Twenty-four years have passed since Andrew Hodges published his biography of the mathematician Alan Turing. Hodges, a long-term member of the Mathematical Physics Research Group at Oxford, has spent the years since exploring the “twistor geometry” developed by Roger Penrose, writing music and dabbling with self-promotion.

Follow the link to One to Nine’s web page, and you will soon be stumbling over the furniture of Hodges’s other lives: his music, his sexuality, his ambitions for his self?published novel – the usual spillage. He must be immune to bathos, or blind to it. But why should he care what other people think? He knows full well that, once put in the right order, these base metals will be transformed.

“Writing,” says Hodges, “is the business of turning multi?dimensional facts and ideas into a one?dimensional string of symbols.”

One to Nine – ostensibly a simple snapshot of the mathematical world – is a virtuoso stream of consciousness containing everything important there is to say about numbers (and Vaughan Williams, and climate change, and the Pet Shop Boys) in just over 300 pages. It contains multitudes. It is cogent, charming and deeply personal, all at once.

“Dense” does not begin to describe it. There is extraordinary concision at work. Hodges covers colour space and colour perception in two or three pages. The exponential constant e requires four pages. These examples come from the extreme shallow end of the mathematical pool: there are depths here not everyone will fathom. But this is the point: One to Nine makes the unfathomable enticing and gives the reader tremendous motivation to explore further.

This is a consciously old-fashioned conceit. One to Nine is modelled on Constance Reid’s 1956 classic, From Zero to Infinity. Like Reid’s, each of Hodges’s chapters explores the ideas associated with a given number. Mathematicians are quiet iconoclasts, so this is work that each generation must do for itself.

When Hodges considers his own contributions (in particular, to the mathematics underpinning physical reality), the skin tightens over the skull: “The scientific record of the past century suggests that this chapter will soon look like faded pages from Eddington,” he writes. (Towards the end of his life, Sir Arthur Eddington, who died in 1944, assayed a “theory of everything”. Experimental evidence ran counter to his work, which today generates only intermittent interest.)

But then, mathematics “does not have much to do with optimising personal profit or pleasure as commonly understood”.

The mordant register of his prose serves Hodges as well as it served Turing all those years ago. Like Turing: the Enigma, One to Nine proceeds, by subtle indirection, to express a man through his numbers.

If you think organisations, economies or nations would be more suited to mathematical description, think again. Michael Blastland and Andrew Dilnot’s The Tiger that Isn’t contains this description of the International Passenger Survey, the organisation responsible for producing many of our immigration figures:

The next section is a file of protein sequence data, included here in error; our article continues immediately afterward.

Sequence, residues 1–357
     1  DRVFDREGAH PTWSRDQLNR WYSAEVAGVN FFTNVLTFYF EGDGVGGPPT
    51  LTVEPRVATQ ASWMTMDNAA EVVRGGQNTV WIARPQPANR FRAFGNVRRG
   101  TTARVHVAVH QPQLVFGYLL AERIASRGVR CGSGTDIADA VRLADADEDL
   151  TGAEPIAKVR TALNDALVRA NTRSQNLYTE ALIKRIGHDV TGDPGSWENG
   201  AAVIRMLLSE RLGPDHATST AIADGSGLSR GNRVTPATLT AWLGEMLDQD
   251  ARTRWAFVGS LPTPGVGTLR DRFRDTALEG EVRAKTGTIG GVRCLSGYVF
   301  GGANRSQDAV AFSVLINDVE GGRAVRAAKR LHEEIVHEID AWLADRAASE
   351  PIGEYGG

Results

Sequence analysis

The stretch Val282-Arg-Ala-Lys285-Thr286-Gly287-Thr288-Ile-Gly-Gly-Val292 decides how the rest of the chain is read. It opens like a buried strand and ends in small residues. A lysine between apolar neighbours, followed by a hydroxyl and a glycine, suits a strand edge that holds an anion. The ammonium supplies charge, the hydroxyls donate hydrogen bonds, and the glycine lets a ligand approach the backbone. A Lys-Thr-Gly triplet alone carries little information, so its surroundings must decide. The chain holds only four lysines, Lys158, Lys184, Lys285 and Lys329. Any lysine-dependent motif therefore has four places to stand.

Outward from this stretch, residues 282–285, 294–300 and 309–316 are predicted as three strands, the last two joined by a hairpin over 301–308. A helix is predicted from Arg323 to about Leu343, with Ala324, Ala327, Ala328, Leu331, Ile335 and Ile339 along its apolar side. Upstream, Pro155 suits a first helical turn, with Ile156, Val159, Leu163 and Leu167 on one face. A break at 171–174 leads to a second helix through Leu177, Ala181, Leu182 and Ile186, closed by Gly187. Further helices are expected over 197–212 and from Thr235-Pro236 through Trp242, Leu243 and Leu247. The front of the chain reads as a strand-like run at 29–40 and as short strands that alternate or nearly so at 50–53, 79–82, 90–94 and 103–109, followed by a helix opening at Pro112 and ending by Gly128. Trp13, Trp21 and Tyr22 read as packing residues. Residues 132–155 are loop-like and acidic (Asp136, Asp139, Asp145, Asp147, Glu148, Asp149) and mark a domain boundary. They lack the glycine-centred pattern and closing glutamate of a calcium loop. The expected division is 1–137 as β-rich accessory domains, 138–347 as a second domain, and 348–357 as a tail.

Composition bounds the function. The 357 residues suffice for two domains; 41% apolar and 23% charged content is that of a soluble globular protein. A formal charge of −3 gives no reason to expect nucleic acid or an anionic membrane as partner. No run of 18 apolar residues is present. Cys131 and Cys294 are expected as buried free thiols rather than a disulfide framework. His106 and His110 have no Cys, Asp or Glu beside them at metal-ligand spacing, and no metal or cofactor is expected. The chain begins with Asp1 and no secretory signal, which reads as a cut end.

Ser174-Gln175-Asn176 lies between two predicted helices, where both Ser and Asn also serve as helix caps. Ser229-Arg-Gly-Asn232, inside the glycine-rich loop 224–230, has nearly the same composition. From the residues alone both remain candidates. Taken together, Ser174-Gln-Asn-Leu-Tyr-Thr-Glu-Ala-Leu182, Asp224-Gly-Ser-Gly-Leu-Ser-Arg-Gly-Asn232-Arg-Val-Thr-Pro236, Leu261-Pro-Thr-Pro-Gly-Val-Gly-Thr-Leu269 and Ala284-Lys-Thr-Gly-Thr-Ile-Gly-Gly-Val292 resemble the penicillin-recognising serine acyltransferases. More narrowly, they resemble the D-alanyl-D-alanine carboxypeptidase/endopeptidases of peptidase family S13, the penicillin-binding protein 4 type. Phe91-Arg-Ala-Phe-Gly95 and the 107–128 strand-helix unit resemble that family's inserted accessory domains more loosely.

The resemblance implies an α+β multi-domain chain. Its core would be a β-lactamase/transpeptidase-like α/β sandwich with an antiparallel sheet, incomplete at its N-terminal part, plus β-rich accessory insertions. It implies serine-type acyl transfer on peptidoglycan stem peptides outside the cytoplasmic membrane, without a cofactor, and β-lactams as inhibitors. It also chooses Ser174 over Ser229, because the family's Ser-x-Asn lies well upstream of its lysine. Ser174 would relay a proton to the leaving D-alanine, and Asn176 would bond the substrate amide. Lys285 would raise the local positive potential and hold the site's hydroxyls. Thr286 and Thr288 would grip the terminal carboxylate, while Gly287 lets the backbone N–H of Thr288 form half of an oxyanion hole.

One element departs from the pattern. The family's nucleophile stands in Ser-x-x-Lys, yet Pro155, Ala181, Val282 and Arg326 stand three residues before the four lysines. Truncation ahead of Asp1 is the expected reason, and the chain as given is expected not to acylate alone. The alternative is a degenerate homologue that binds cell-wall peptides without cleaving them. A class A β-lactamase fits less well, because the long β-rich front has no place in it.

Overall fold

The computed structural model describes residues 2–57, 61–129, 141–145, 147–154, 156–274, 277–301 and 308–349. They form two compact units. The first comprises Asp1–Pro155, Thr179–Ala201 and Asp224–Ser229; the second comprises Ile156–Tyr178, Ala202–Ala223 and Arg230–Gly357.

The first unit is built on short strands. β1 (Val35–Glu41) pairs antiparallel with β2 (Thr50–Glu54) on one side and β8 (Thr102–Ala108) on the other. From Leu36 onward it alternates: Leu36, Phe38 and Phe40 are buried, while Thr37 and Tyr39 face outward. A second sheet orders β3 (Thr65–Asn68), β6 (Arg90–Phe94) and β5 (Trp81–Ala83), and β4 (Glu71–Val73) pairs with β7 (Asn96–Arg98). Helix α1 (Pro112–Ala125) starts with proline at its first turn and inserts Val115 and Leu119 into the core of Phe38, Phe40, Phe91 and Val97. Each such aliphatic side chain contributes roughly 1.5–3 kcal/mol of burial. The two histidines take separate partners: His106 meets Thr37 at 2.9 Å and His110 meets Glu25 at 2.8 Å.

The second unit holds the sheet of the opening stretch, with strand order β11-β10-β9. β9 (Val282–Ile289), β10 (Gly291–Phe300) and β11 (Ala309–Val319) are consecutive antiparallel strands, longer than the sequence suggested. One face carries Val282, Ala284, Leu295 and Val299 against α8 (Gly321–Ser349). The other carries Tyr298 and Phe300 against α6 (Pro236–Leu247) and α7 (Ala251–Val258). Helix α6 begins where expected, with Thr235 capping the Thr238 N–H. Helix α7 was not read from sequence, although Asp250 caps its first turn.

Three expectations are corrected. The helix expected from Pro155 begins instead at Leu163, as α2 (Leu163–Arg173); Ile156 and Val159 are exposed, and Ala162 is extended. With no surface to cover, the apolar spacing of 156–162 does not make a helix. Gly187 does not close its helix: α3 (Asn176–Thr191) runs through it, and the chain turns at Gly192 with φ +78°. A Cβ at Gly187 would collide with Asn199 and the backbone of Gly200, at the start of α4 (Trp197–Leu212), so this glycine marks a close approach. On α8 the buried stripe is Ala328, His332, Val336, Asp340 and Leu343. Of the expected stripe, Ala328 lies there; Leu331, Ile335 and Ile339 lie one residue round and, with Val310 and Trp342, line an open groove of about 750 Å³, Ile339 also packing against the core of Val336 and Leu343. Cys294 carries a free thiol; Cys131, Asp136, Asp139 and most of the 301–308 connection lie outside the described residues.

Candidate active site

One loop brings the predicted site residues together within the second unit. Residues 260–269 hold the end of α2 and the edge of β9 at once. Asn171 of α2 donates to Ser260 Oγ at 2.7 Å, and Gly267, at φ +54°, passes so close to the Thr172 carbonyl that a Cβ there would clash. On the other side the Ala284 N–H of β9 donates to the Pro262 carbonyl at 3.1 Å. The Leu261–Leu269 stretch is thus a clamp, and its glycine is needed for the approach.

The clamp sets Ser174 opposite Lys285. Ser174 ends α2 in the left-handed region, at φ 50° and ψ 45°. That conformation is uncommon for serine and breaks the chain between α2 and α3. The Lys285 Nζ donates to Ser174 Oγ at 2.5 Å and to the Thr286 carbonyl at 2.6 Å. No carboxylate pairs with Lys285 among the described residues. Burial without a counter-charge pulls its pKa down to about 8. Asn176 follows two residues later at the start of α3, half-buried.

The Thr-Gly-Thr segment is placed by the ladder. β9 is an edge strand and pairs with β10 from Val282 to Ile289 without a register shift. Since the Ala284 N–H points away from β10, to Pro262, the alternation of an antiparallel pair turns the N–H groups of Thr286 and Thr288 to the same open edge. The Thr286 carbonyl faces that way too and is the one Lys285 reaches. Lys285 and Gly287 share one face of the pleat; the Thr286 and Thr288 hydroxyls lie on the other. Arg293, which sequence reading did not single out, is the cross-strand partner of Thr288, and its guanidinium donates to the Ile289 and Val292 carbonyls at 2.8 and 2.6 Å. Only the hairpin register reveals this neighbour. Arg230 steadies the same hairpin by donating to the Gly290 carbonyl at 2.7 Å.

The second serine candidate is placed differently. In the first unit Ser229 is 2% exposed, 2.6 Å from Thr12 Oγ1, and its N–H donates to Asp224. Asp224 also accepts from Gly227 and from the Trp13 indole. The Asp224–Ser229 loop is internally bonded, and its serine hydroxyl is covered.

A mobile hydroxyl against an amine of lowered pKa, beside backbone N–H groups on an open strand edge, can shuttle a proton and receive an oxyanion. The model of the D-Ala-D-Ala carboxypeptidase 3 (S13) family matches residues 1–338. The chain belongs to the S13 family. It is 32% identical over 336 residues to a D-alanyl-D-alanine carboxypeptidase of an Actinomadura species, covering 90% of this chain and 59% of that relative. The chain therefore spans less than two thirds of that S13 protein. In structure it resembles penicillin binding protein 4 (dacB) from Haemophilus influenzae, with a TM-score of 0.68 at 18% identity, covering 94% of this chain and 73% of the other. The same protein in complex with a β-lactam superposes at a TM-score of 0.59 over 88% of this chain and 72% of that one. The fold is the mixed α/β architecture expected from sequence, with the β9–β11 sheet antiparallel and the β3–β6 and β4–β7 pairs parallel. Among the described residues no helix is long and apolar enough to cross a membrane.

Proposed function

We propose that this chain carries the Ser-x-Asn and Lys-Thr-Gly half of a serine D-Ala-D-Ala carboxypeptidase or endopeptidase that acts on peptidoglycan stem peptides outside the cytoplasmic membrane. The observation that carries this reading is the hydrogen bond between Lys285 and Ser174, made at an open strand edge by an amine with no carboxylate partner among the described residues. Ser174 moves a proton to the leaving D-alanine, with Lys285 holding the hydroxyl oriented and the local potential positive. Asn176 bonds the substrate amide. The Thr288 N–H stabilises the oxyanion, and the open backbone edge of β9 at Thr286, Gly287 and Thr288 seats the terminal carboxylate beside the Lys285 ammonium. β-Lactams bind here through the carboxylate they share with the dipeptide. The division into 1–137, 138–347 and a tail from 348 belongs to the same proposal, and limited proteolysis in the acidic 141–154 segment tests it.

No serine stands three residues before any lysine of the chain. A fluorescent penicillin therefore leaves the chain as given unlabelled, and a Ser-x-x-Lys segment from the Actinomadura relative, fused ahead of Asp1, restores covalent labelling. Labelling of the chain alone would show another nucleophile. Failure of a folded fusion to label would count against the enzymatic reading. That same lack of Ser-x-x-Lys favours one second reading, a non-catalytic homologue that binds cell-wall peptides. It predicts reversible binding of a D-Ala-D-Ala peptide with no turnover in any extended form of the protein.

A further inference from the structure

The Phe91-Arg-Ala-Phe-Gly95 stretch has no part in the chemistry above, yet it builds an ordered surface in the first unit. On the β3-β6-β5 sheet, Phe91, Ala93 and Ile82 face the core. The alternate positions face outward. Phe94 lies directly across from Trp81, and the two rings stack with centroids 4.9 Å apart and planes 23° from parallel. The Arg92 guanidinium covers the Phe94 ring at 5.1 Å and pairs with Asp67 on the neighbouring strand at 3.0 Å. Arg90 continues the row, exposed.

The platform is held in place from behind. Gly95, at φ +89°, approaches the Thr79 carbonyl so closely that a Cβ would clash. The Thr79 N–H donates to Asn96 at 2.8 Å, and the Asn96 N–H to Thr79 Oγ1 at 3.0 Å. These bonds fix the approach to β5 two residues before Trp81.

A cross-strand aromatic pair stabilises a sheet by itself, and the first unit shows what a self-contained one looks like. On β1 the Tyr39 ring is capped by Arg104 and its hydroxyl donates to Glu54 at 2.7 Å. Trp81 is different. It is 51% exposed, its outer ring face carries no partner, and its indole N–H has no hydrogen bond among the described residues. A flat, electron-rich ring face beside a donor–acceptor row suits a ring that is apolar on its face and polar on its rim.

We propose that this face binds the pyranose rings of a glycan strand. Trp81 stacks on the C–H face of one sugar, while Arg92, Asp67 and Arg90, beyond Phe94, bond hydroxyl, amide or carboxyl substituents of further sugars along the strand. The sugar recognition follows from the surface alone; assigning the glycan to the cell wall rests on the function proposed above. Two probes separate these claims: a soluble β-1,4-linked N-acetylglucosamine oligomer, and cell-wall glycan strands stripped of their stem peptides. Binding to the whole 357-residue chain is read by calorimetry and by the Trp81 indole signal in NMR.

The ferry heaves into its journey and, equipped with their passenger vignettes, the survey team members also set off, like Attenboroughs in the undergrowth, to track down their prey, and hope they all speak English. And so the tides of people swilling about the world?… are captured for the record if they travel by sea, when skulking by slot machines, half?way through a croissant, or off to the ladies’ loo.

Their point is this: in the real world, counting is back-breaking labour. Those who sieve the world for numbers – surveyors, clinicians, statisticians and the rest – are engaged in difficult work, and the authors think it nothing short of criminal the way the rest of us misinterpret, misuse or simply ignore their hard-won results. This is a very angry and very funny book.

The authors have worked together before, on the series More or Less – BBC Radio 4’s antidote to the sort of bad mathematics that mars personal decision-making, political debate, most press releases, and not a few items from the corporation’s own news schedule.

Confusion between correlation and cause, wild errors in the estimation of risk, the misuse of averages: Blastland and Dilnot round up and dispatch whole categories of woolly thinking.

They have a positive agenda. A handful of very obvious mathematical ideas – ideas they claim (with a certain insouciance) are entirely intuitive – are all we need to wield the numbers for ourselves; with them, we will be better informed, and will make more realistic decisions.

This is one of those maths books that claims to be self?help, and on the evidence presented here, we are in dire need of it. A late chapter contains the results of a general knowledge quiz given to senior civil servants in 2005.

The questions were simple enough. Among them: what share of UK income tax is paid by the top one per cent of earners? For the record, in 2005 it was 21 per cent. Our policy?makers didn’t have a clue.

“The deepest pitfall with numbers owes nothing to the numbers themselves and much to the slack way they are treated, with carelessness all the way to contempt.”

This jolly airport read will not change all that. But it should stir things up a bit.